I can't be 100% sure but this looks like the work of a raccoon and not the Spencer-Puppy. It was not windy enough for the metal trash can to have blown over and for the bench to have fallen off the table. For the last several weeks I have had the cat food up higher on the table to prevent Spencer and Bruno from eating it. Since I have done this Spencer has been hungrier for his dog food at mealtime. No more swiping cat food for the Spence. Whatever got to the food the night before ate both bowls, knocked down the trash can and ate food out of there too. Maybe that is what the dogs were barking at that night when they both jumped up and ran to the door. I had thought they were barking at some sled dogs on TV and had told them both to go lie down.
While on a walk I am reluctant to let other owners allow their dogs to pull their way over to say, what the owners call a "hello" if the dogs seem unruly and the owners do not look like they understand their dogs. I don't think it is fair as the leader of my pack to subject them to it. I am usually able to tell which dogs are on the stable side and which dogs are in control of their owner.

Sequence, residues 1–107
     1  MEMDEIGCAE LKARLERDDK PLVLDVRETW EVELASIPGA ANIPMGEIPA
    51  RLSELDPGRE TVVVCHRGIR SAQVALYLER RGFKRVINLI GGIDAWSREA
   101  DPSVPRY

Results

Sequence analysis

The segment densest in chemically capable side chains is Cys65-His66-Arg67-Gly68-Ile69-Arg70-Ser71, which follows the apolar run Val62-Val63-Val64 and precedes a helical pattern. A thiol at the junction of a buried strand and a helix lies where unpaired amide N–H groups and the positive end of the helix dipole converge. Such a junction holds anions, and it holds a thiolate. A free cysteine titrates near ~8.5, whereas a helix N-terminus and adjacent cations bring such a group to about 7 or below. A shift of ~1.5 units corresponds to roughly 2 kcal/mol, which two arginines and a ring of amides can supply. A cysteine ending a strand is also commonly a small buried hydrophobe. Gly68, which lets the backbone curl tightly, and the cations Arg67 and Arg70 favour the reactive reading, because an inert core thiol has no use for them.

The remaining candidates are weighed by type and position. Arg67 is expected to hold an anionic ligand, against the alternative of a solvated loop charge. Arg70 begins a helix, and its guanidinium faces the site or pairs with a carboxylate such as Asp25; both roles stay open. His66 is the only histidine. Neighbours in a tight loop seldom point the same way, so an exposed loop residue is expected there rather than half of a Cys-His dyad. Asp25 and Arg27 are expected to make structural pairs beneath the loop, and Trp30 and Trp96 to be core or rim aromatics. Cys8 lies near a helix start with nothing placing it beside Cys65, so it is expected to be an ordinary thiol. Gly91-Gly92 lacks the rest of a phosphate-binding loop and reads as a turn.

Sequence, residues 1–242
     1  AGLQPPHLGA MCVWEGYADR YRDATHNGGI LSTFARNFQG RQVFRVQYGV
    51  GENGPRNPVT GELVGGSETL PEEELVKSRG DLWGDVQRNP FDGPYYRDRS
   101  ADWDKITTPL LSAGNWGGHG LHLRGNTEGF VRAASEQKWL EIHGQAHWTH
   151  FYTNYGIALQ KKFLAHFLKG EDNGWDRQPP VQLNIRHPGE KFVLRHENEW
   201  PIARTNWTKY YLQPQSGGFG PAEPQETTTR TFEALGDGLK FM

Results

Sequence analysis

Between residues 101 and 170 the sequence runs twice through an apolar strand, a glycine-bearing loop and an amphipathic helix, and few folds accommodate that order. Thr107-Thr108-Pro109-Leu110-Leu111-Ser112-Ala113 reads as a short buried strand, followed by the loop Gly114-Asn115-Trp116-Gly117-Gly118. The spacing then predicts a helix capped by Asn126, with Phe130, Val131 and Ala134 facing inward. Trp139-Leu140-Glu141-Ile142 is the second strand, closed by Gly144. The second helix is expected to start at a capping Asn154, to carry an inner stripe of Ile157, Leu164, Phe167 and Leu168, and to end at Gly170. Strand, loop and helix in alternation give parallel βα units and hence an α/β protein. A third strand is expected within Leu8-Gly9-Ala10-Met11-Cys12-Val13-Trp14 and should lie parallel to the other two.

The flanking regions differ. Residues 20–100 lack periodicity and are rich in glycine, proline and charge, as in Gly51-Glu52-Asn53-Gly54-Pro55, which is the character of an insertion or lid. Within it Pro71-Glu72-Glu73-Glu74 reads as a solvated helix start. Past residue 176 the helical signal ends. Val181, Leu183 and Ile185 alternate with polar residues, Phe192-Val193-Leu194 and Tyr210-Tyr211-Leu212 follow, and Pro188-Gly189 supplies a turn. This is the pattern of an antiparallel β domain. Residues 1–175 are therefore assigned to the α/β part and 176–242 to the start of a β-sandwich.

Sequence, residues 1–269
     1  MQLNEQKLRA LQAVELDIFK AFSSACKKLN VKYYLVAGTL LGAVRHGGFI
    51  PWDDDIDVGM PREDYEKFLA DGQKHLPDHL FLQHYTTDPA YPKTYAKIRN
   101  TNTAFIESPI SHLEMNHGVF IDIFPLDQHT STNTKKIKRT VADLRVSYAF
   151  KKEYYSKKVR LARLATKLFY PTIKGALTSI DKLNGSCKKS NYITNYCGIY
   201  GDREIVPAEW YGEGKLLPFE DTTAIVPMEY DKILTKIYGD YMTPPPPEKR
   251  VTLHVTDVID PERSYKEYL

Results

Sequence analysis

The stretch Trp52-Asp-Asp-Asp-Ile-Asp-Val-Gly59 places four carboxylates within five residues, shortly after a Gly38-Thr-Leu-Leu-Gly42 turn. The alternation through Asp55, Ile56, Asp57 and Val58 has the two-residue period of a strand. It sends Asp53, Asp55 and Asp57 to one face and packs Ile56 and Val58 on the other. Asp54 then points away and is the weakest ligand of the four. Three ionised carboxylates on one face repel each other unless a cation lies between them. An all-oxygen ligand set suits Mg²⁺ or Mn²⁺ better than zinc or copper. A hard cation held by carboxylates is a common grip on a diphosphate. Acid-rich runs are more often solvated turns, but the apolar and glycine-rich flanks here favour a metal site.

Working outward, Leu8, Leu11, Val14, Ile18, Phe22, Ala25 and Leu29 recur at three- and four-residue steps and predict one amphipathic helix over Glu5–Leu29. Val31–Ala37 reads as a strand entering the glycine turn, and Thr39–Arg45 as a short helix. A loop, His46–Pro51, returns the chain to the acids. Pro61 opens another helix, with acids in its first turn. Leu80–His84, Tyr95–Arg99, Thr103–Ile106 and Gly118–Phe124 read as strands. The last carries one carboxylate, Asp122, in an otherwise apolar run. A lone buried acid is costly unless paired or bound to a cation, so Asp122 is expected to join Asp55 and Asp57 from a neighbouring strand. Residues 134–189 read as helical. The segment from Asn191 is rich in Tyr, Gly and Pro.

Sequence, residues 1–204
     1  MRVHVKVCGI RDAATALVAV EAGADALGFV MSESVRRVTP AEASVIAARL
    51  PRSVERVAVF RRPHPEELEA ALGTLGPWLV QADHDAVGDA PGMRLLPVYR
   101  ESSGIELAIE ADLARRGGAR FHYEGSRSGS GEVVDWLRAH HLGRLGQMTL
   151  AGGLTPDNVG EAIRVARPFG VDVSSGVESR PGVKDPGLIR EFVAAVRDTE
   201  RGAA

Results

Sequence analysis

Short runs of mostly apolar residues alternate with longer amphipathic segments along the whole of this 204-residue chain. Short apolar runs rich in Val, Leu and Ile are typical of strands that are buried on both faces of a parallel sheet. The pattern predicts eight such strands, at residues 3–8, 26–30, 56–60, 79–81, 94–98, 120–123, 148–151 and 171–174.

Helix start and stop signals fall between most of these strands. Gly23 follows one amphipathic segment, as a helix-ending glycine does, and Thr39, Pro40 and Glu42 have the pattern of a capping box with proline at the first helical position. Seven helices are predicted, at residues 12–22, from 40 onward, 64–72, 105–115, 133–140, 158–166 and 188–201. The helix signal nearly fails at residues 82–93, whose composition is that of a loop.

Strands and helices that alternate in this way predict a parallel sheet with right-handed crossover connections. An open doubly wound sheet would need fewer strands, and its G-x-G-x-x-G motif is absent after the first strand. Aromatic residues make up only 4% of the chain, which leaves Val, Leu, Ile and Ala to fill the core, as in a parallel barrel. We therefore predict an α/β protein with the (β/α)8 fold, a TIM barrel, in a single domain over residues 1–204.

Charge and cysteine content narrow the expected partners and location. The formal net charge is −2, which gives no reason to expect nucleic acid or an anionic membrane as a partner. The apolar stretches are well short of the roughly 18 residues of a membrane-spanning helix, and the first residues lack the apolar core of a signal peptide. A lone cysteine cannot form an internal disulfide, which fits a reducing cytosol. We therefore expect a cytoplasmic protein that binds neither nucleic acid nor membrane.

For example once on a walk a lady with a tiny Pekingese asked if her dog could say "hello" to my dogs. She asked if my dogs were good with other dogs because her dog just wanted to say "hello." The whole time her little dog was barking, growling and pulling toward my dogs with all his might. My response was, "Yes, my dogs are good with other dogs but I don't think yours is," to which she responded, "He just wants to say ’hi’." That interpretation of the Peke struck me as funny, but at the same time rather sad.
Today, however while Bruno was getting his water therapy and I was walking Spencer we spotted an owner who was walking their Chesapeake Bay Retriever and the dog was actually heeling on the leash. When they saw us coming the owner had their dog sit down. We chatted for a bit and it turns out this dog had just been rescued and the dog was behaving very well already. The owner was in charge, not the dog, and Spencer and this dog smelled one another all over. We see lots of dogs behind windows and fences while we are out walking but we don't see very many actually out being walked—kind of sad considering how many people out there own dogs.
In order to get Spencer to listen I have to be more bullheaded than he is. I have to be the stronger minded one. Because I am able to succeed at this, I can usually stop him from chasing a cat or a goat from a distance, or to not pull on the lead when he spots a squirrel. If he saw himself as more powerful than me he would not see the need to respond to my wishes.